Flow around a complex building: Comparisons between experiments and a Reynolds-average Navier-Stokes approach

Ronald J. Calhoun, Frank Gouveia, Joseph Shinn, Stevens Chan, Dave Stevens, Roberts Lee, John Leone

Research output: Contribution to journalArticle

26 Scopus citations

Abstract

An experiment investigating flow around a single complex building was performed in 2000. Sonic anemometers were placed around the building, and two-dimensional wind velocities were recorded. An energy-budget and wind-measuring station was located upstream to provide stability and inflow conditions. In general, the sonic anemometers were located in a horizontal plane around the building at a height of 2.6 m above the ground. However, at the upwind wind station, two levels of the wind were measured. The resulting database can be sampled to produce mean wind fields associated with specific wind directions such as 210°, 225°, and 240°. The data are available generally and should be useful for testing computational fluid dynamical models for flow around a building. An in-house Reynolds-averaged Navier-Stokes approach was used to compare with the mean wind fields for the predominant wind directions. The numerical model assumed neutral flow and included effects from a complex array of trees in the vicinity of the building. Two kinds of comparisons are presented: 1) direct experimental versus modeled vector comparisons and 2) a numerical metric approach that focuses on wind magnitude and direction errors. The numerical evaluation generally corroborates the vector-to-vector inspection, showing reasonable agreement for the mean wind fields around the building. However, regions with special challenges for the model were identified. In particular, recirculation regions were especially difficult for the model to capture correctly. In the 240° case, there is a tendency for the model to exaggerate the turning effect in the wind caused by the effect of the building. Two different kinds of simulations were performed: 1) predictive calculations with a reasonable but not high-fidelity representation of the building's architectural complexity and 2) postexperiment calculations in which a large number of architectural features were well represented. Although qualitative evidence from inspection of the angles of the vectors in key areas such as around the southeast corner of the building indicated an improvement from the higher-fidelity representation of the building, the general numerical evaluation indicated little difference in the quality of the two solutions.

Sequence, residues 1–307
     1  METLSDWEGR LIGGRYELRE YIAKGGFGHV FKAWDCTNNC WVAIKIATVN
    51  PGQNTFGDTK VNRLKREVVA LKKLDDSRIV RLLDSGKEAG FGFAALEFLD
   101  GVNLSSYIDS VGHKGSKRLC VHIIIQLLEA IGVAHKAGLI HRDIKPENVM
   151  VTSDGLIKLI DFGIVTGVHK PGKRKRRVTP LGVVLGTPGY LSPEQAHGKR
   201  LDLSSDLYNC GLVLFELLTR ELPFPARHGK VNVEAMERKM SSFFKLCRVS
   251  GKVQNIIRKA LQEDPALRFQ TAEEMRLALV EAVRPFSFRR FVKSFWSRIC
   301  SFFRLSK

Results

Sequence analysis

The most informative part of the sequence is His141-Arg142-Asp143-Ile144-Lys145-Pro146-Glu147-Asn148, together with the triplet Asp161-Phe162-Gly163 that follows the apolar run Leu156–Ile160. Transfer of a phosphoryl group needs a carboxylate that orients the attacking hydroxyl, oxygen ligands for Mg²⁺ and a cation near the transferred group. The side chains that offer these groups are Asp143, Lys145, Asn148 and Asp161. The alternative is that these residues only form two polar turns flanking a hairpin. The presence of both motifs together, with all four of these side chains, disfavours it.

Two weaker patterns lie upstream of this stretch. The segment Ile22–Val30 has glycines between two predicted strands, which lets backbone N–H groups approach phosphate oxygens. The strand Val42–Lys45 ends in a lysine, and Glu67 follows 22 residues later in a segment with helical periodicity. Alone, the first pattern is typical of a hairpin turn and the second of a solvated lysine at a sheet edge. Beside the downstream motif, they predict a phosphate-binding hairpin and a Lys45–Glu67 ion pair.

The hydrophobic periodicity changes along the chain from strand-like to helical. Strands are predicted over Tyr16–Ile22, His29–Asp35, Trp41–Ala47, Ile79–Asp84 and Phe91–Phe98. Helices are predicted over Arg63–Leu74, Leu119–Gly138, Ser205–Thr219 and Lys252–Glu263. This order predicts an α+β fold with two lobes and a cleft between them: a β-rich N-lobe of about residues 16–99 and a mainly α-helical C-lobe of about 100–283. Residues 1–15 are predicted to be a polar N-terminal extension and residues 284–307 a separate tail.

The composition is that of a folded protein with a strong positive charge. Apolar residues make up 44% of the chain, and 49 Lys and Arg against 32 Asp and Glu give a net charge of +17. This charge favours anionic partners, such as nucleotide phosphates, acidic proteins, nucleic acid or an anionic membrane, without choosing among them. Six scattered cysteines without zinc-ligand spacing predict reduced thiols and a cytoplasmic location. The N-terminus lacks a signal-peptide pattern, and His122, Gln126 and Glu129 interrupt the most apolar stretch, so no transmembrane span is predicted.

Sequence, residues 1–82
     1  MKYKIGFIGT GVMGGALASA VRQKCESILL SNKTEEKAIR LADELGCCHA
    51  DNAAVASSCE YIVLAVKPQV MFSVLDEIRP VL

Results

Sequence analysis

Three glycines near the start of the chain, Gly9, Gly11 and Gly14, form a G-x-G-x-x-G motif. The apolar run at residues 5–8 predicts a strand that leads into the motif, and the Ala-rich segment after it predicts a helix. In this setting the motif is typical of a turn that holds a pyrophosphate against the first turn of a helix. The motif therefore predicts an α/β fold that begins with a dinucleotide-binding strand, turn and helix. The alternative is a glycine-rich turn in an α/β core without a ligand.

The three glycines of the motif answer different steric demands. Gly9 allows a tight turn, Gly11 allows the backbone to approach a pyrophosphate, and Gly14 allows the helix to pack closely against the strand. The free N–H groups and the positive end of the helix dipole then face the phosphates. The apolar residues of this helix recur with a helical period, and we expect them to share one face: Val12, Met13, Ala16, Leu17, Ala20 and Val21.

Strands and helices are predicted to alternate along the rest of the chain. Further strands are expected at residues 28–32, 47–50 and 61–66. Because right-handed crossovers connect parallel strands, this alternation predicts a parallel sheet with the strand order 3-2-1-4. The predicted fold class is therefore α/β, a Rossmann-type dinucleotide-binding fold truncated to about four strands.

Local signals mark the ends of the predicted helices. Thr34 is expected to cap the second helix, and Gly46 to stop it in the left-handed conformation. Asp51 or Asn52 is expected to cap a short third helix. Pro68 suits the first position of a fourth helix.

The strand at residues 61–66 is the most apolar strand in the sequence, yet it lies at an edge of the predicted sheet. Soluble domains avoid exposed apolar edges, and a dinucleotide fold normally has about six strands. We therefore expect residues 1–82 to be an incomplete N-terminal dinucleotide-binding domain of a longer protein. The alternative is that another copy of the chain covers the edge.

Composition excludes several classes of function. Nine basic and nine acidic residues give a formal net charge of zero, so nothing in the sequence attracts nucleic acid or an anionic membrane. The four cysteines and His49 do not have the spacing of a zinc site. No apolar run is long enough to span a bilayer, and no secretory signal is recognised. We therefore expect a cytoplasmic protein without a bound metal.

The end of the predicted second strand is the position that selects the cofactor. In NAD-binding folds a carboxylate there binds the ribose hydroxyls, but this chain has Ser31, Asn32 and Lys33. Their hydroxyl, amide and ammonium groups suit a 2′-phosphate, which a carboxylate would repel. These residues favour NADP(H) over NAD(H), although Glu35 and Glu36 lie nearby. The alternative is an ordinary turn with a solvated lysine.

Original languageEnglish (US)
Pages (from-to)696-710
Number of pages15
JournalJournal of Applied Meteorology
Volume43
Issue number5
DOIs
StatePublished - May 2004

ASJC Scopus subject areas

  • Atmospheric Science

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